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zbzb ztzt

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Determining fractional entrainment rates (e.g. when at the top of an updraft) Note that since updrafts are saturated with respect to water vapour above the LCL: This determines the updraft temperature and w.v. mixing ratio given its mse.

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Fractional entrainment rates for updraft ensembles (a) Single ensemble member detraining at z=z t Detrainment over a finite depth (b) Discrete ensemble based on a range of tops

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Buoyancy Sorting Entrainment produces mixtures of a fraction, f, of environmental air and (1-f) of cloudy (saturated cumulus updraft) air. Some of the mixtures may be positively buoyant with respect to the environment, some negegatively buoyant, some saturated with respect to water, some unsaturated 0 1 saturated (cloudy) positively buoyant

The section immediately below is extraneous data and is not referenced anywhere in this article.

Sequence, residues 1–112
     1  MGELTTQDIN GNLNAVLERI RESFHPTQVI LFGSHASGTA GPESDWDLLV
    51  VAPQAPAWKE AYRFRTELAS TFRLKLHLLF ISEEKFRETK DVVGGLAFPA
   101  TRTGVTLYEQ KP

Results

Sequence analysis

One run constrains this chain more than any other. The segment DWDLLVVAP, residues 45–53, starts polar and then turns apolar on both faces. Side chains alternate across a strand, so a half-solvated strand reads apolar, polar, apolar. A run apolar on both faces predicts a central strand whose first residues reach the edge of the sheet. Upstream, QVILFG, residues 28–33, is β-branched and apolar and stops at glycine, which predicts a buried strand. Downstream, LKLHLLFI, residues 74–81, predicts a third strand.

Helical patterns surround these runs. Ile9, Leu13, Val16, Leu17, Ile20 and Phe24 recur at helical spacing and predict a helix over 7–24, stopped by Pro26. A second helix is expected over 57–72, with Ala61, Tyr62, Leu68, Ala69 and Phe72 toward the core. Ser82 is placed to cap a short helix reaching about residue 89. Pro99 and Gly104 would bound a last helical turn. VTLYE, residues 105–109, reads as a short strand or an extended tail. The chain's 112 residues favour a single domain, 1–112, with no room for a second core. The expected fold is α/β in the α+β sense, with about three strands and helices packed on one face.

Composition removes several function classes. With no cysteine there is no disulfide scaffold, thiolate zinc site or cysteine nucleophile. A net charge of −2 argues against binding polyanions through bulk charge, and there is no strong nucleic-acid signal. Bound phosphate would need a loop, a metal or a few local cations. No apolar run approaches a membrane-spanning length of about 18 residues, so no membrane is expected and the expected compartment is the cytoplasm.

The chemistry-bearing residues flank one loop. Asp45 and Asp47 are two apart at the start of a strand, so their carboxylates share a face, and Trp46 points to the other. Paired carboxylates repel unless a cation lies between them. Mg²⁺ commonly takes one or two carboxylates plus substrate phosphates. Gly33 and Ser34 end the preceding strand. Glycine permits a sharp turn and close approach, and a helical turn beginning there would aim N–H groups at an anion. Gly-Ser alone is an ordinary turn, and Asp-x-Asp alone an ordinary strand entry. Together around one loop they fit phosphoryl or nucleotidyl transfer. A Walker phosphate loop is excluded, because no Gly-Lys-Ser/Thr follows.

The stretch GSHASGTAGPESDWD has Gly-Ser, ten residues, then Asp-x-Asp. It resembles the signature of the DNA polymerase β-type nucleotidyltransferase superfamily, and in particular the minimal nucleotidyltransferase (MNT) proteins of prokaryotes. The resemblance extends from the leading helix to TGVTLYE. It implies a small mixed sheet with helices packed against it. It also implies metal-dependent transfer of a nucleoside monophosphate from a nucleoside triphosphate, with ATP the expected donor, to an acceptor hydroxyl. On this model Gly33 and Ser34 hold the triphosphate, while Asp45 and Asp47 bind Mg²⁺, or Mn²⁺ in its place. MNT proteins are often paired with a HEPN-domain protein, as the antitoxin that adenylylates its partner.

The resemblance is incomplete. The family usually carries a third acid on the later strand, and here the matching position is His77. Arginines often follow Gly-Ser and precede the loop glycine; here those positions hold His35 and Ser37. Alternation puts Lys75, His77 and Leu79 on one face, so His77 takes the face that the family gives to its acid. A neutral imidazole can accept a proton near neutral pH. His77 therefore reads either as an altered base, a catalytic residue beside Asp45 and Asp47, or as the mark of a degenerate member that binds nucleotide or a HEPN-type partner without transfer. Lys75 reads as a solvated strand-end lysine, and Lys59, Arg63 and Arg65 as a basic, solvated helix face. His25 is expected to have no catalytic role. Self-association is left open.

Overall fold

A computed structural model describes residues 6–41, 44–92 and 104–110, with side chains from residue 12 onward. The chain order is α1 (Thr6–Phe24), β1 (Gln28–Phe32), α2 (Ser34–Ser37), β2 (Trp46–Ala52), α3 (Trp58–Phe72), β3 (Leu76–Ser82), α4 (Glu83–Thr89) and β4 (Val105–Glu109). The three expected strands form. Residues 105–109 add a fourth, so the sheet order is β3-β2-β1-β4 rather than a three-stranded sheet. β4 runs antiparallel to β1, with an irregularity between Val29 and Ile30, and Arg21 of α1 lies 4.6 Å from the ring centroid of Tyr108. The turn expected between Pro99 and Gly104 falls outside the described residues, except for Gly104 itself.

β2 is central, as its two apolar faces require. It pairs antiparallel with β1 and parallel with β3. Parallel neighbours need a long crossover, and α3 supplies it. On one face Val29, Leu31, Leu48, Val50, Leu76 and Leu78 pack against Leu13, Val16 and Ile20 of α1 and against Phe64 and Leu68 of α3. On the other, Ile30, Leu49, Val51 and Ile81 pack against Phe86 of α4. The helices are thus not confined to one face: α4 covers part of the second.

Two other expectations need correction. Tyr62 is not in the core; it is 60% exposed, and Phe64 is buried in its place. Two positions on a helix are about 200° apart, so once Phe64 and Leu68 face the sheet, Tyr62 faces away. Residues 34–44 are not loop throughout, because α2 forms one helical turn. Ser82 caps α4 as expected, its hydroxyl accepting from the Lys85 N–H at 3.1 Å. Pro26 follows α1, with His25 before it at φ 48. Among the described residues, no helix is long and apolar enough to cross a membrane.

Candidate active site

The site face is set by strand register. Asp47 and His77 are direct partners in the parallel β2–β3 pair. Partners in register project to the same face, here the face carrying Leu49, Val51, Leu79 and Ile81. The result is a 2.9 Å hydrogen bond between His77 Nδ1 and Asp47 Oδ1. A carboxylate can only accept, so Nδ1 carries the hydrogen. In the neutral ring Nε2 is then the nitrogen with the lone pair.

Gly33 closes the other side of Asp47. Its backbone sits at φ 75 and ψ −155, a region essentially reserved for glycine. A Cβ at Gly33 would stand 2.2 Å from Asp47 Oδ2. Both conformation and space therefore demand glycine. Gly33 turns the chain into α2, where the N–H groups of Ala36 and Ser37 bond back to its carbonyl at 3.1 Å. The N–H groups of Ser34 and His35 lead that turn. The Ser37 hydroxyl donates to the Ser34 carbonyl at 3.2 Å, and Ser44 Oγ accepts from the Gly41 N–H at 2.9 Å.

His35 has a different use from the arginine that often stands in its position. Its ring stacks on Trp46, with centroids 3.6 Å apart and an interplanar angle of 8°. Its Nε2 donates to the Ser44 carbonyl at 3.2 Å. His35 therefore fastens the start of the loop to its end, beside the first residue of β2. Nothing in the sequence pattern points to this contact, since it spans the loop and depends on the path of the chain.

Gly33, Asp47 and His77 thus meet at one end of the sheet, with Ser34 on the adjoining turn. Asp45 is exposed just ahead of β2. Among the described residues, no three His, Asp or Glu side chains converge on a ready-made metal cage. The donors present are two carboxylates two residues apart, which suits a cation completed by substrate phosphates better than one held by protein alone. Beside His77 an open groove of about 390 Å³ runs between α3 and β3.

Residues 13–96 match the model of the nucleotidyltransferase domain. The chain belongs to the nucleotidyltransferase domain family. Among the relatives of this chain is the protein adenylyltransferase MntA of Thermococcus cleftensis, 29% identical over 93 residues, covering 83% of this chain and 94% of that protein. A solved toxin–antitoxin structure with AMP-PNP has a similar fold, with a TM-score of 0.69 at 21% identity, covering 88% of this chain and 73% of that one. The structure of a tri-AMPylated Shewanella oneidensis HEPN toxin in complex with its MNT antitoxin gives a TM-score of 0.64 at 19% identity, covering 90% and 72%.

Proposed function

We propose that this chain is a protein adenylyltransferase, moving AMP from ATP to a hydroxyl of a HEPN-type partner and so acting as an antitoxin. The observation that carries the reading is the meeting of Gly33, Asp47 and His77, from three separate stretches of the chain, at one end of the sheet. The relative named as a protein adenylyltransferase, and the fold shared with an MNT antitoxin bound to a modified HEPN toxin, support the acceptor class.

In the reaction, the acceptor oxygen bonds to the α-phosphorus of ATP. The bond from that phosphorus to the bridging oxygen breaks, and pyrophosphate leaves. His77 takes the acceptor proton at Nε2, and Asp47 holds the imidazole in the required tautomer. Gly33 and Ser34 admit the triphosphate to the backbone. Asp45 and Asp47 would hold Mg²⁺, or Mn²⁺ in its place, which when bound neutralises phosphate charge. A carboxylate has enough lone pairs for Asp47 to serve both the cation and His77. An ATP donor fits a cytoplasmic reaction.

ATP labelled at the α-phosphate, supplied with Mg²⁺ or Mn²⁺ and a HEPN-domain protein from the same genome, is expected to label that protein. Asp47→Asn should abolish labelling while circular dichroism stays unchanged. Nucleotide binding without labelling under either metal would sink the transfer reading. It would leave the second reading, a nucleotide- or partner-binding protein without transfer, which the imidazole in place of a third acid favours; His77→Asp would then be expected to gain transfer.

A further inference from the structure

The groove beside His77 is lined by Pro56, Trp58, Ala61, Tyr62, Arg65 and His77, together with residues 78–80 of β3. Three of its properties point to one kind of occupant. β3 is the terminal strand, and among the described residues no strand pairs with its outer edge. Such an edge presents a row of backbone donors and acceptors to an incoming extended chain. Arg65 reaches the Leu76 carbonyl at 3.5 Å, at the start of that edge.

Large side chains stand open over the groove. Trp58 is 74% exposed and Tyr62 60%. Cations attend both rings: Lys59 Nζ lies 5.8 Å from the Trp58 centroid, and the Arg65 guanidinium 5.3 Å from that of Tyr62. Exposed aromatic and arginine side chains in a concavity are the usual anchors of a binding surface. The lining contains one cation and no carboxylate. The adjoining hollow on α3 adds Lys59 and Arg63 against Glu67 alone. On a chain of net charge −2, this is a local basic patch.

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Kain-Fritsch (1990) (see also Bretherton et al, 2003): Suppose that entrainment into a cumulus updraft in a layer of thickness z leads to mixing of M c dz of environmental air with an equal amount of cloudy air. K-F assumed that all of the negatively buoyant mixtures (f>f c ) will be rejected from the updraft immediately while positively buoyant mixtures will be incorporated into the updraft. Let P(f) be the pdf of mixing fractions. Then: This assumes that negatively buoyant air detrains back to the environment without requiring it to descend to a level of nuetral bouyancy first). Emanuel: Mixtures are all combinations of environement air and undiluted cloud-base air. Each mixture ascends(positively buoyant)/descends (negatively buoyant), typically without further mixing to a level of nuetral buoyancy where it detrains.

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Closure and Triggering Triggering: –It is frequently observed that moist convection does not occur even when there is a positive amount of CAPE. Processes which overcome convective inhibition must also occur. Closure: –The simple cloud models used in mass flux schemes do not fully determine the mass flux. Typically an additional constraint is needed to close the formulation. –The closure problem is currently still poorly constrained by theory. Both may involve stochastic processes